Most crimes in Rio occur in corridors of only 12 km, survey reveals

Survey from Seap data shows that criminals opt, more often, for short journeys

1 ano ago

An unprecedented survey by FGV’s Department of Public Policy Analysis (DAPP) based on data from the State Secretariat of Penitentiary Administration (SEAP) shows that, in the city of Rio de Janeiro, criminals typically take short journeys to commit crimes. According to the survey, the distances covered by offenders convicted of robbery, theft, extortion, or drug trafficking, considering the universe of prisoners in the first half of 2015 — latest available data —, were located mainly in a corridor of up to 12 kilometers, less than the length of the Rio-Niterói Bridge. These types of crimes account for 72% of offenses that have led to convictions in the state.

Check the complete study (in Portuguese)

In this context, the North side of the capital is the region with most short-range trajectories (0 km to 12 km) between the prisoner’s residence and the crime scene, compared to average paths (12 km to 24 km) or long paths (24 km to over 40 km). The list indicates that the cost of crime — travel expense and the risk at the time of escape — can be taken into account. In addition, another issue related to the proximity of the self-declared residence of the criminal and the area of the offense may be linked to the alleged guarantee of protection by the criminal organization to which they belong or which controls the region.

“The analysis of those trajectories can help us understand crime dynamics in the city, while also providing insights for preventive police patrolling and investigations. Combined with other public safety databases in Rio, this information can be helpful to implement public policies driven by the use of data and analyses,” said researcher Ana Luisa Azevedo.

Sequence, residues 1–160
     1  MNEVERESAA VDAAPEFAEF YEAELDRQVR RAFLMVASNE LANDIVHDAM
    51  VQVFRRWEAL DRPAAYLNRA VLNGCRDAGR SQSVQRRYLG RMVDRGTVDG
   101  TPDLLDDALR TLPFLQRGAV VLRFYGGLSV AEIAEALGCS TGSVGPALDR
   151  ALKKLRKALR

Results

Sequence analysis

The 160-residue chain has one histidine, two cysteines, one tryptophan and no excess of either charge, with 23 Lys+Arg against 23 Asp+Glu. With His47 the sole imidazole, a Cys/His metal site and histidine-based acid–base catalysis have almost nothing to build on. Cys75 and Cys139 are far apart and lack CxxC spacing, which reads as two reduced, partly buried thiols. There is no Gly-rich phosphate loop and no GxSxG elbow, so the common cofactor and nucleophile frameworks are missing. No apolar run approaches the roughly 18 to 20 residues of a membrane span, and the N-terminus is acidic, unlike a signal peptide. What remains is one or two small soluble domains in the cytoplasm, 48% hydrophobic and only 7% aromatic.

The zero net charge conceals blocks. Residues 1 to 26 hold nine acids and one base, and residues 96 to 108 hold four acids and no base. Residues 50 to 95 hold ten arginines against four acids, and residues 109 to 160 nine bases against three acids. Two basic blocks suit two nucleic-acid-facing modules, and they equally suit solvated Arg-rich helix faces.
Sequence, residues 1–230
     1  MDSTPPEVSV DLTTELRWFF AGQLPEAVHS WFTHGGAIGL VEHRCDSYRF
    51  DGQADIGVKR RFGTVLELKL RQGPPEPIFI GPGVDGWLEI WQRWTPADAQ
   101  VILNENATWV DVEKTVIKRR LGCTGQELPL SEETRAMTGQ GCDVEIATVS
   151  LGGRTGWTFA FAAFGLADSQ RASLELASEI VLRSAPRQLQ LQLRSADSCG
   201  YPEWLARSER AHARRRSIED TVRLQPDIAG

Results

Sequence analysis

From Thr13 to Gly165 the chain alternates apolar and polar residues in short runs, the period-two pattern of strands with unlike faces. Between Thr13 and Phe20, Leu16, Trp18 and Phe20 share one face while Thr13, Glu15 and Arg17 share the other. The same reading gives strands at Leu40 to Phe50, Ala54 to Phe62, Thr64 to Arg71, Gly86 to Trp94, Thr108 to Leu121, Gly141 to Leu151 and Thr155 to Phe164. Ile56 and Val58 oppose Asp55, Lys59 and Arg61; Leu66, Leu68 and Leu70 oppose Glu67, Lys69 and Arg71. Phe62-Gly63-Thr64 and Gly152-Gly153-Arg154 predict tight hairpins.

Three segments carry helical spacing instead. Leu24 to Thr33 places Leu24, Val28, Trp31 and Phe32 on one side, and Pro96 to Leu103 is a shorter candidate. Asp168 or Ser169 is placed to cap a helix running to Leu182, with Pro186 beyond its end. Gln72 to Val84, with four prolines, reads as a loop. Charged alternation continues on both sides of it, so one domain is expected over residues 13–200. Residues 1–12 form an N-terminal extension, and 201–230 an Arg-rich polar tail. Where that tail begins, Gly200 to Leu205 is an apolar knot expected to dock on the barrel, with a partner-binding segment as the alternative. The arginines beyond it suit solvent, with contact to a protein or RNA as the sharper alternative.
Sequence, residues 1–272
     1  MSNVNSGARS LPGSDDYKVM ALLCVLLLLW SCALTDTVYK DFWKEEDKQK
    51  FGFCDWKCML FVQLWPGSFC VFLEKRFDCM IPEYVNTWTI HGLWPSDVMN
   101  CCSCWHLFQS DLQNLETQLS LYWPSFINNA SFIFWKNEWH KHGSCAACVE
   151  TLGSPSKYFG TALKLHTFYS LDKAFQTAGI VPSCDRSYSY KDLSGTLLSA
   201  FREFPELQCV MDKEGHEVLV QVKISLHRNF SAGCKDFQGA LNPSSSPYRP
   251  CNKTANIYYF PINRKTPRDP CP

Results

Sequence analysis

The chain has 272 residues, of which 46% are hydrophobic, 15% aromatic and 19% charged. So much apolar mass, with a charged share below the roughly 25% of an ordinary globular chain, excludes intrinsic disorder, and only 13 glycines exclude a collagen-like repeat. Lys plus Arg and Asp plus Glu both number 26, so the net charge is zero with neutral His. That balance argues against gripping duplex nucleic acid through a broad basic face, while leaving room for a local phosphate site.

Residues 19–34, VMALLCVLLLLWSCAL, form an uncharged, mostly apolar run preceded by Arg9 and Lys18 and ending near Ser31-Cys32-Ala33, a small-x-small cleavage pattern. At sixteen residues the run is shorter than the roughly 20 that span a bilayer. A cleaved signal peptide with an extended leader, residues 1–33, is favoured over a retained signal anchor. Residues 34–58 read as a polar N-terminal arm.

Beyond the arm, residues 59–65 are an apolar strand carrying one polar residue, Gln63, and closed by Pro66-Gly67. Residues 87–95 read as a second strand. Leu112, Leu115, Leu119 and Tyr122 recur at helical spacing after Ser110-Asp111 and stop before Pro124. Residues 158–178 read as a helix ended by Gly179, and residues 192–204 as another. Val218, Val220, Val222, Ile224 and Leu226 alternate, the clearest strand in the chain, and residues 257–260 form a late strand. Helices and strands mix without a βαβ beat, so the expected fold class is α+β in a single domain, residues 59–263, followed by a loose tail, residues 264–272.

In the case of crimes against property (theft, robbery, extortion, etc.), the following two areas stand out: Downtown and Grajaú and vicinity. In the first, there are short paths in the region itself and in Maré. In the area covered by the police station of Grajaú, we see a predominance of short paths, but also a confluence of convicts from adjacent neighborhoods of the city of Rio, both in the North and in the farther West side. Regarding drug trafficking, the preponderance of short distances remains, but there are other groups in neighborhoods in the West side, as well as a web that covers most of the coastal West side areas and the South side.

The areas with most convictions for drug trafficking crimes were located in the neighborhoods of Bangu and Taquara and the surrounding areas, both in the West side. The farthest trajectory comes from the South side and the area of Ilha do Governador, in addition to some neighborhoods in the North side closer to Downtown. The medium trajectory comes from districts around the Baixada Fluminense area, in addition to more distant districts in the West side itself. Short paths are also predominant in the Taquara area, especially those that go towards the Barra da Tijuca area, through Cidade de Deus. In addition to not being as predominant, medium and long trajectories do not have a clearly defined pattern.

The information regarding distances covered between the residence of prisoners and crime scenes can be powerful instruments to pinpoint criminal motivations and dynamics. It is important to understand that the place of origin of the individuals who commit crimes and their trajectories and flows within the city can be key elements to develop prevention policies. In addition, they can assist in the process of police investigation, seeking to identify patterns and relationships between different events. This information can be used along with other public safety data sources, in accordance with the prospect of police actions guided by intelligence with the use of several sources of information for decision-making.

The study was based on SEAP data from 2015, when there was the last update, covering 1,644 prisoners of legal age who were convicted in 2015.